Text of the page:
Saturday, July 22, 2006

AMPAS Update - Foreign Language Films

Foreign Language Films for 2006 Oscar®

The Academy of Motion Picture Arts and Sciences (AMPAS®) has invited 83 countries to submit films for consideration in the Foreign Language Film category for the 79th Academy Awards®. To qualify for the 2006 awards year, a film must be released in the submitting country between October 1, 2005 and September 30, 2006, and be publicly screened in 35mm or 70mm film for at least seven consecutive days in a commercial motion picture theater. The dialogue track must be predominantly in a language or languages other than English. Accurate English subtitles are required.

Last year, the Academy invited 91 countries to submit films and 58 accepted, a record number. Coata Rica, Fiji and Iraq were first-time entrants. The South African film TSOTSI, directed by Gavin Hood, won the Oscar over a field of nominated films from France, Germany, Italy and the Palestinian Territories. This year, The republics of Azerbaijan and Kyrgyzstan will be first-time invitees.

Since the category’s establishment in 1956, 102 different countries have submitted films to compete for the Oscar for Best Foreign Language Film. The first award went to Italy for LA STRADA (The Road), directed by Frederico Fellini.

See link on sidebar at right for the 79th awards schedule. Countries that have not received letters of invitation and are interested in submitting a film for consideration should contact Awards Coordinator Torene Svitil at (310) 247-3000, ext. 116 or via e-mail at

79th Oscar® Rules Approved by Academy

The governors of the Academy of Motion Picture Arts and Sciences have approved the rules for the 79th Academy Awards®, endorsing a series of changes that the organization’s president, Sid Ganis, characterized as “constructive but not earthshaking.”

The biggest change institutes a two-stage process in determining the nominations in the Foreign Language Film Award category. The new approach will allow New York-based Academy members to participate for the first time in selecting the nominations for the category.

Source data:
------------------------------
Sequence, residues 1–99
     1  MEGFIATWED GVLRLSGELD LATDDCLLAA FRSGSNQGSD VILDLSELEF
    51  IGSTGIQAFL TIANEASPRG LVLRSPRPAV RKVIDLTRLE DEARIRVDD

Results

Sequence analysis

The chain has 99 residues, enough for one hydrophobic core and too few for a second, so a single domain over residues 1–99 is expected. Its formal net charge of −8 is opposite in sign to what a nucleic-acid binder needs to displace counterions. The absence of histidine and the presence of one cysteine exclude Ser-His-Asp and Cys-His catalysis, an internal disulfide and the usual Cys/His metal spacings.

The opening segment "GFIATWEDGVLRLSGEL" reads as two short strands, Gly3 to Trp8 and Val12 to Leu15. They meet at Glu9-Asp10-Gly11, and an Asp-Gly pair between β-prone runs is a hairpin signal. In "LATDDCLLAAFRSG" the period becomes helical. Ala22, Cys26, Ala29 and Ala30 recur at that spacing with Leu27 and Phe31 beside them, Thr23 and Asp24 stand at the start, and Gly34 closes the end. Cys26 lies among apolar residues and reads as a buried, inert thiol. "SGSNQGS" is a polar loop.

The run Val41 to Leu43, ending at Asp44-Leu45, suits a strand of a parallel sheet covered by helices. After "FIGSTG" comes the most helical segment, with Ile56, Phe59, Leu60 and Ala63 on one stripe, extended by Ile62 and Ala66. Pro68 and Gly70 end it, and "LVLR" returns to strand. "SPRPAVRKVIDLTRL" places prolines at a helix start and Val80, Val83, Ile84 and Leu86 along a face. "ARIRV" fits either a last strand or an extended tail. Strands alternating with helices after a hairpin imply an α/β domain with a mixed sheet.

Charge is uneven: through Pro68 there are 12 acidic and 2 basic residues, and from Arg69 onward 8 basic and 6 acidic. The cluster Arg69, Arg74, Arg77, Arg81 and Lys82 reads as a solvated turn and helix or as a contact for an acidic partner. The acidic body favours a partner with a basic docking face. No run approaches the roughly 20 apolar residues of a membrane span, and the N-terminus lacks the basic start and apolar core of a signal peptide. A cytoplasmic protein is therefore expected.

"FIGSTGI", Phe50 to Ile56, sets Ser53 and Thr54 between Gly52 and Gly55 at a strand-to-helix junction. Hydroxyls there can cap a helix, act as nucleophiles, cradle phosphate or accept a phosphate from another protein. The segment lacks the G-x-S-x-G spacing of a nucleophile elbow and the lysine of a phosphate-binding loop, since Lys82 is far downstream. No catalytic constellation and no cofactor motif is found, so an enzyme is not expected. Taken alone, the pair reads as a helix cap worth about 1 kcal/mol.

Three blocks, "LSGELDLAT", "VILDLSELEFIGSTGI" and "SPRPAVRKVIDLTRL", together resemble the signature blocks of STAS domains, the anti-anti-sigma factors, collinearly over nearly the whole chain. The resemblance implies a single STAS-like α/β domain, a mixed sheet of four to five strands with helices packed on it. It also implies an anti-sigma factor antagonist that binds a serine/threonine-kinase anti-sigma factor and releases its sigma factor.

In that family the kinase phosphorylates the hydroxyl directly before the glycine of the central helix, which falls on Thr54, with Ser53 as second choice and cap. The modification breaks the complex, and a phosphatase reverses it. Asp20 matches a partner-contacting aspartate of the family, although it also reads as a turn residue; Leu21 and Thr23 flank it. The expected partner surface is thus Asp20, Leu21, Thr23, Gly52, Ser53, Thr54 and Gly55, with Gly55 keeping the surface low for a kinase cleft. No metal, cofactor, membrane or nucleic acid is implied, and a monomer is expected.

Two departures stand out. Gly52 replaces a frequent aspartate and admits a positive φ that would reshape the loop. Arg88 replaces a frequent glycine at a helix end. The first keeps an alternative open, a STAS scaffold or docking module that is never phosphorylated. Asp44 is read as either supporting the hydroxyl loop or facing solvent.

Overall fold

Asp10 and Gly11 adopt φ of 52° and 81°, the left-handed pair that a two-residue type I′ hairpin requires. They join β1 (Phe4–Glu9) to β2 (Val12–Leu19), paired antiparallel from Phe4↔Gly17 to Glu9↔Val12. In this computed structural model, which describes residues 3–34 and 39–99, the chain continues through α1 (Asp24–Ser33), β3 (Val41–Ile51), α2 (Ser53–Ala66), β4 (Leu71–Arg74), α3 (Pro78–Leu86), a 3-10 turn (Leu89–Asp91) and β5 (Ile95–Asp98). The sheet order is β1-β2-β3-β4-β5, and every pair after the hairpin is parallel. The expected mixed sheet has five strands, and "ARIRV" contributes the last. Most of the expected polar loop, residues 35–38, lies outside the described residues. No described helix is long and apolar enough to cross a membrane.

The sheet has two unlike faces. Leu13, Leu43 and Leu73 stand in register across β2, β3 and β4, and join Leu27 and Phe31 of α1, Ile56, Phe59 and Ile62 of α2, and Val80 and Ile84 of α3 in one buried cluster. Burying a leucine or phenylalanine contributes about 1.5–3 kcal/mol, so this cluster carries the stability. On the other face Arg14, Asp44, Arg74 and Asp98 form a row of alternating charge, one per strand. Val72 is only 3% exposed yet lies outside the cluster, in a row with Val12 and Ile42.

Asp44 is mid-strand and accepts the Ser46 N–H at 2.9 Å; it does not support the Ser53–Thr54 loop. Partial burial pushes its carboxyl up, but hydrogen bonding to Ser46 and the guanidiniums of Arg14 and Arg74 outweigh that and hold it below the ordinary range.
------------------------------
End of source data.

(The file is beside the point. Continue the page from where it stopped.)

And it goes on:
Foreign Language nominations for 2006 will be arrived at in two phases overseen by two essentially distinct screening committees. The Phase I committee will be the same several-hundred-member Los Angeles-based group that has viewed the roughly 60 annual submissions in past years and selected the five nominees from the field. For the 2006 Awards though, the Phase I committee will arrive at a nine-country shortlist.

The Phase II committee, made up of ten randomly selected members of the original committee, ten Los Angeles-based members not on the original committee, and ten New York-area members, will view the shortlisted films in a three-day bicoastal marathon and select the nominees from that field.

In addition to allowing New York members to participate, more busy working members will be encouraged to participate in the process because they will no longer need to commit to viewing all the submissions over several months. A time-consuming process that discouraged many members.

In another change for the Foreign Language award, entries submitted in the category no longer must be in an official language of the country submitting the film. So long as the dominant language is not English, a picture from any country may be in any language or combination of languages. Last year, the Italians wanted to submit a picture that was clearly made by Italian artists, and which qualified for the category in every other way except one: there was no Italian language in it. All the dialogue was in Middle Eastern languages.

Executive director Bruce Davis said, “The rules clearly prohibited that, but the situation didn’t seem fair to us. So if the Taiwanese want to send us a picture with exclusively Portuguese dialogue this year, we’re ready for them.”

Rules are reviewed annually by branch and category committees. The Awards Rules Committee then reviews all proposed changes before presenting its recommendations to the Academy’s Board of Governors.

Academy Award® nominations will be announced in January at the Academy. The 79th Annual Academy Awards Presentation will be telecast live from the Kodak Theatre at Hollywood & Highland Center by the ABC Television Network on Sunday, February 25, 2007. See link at right for the 79th Awards schedule.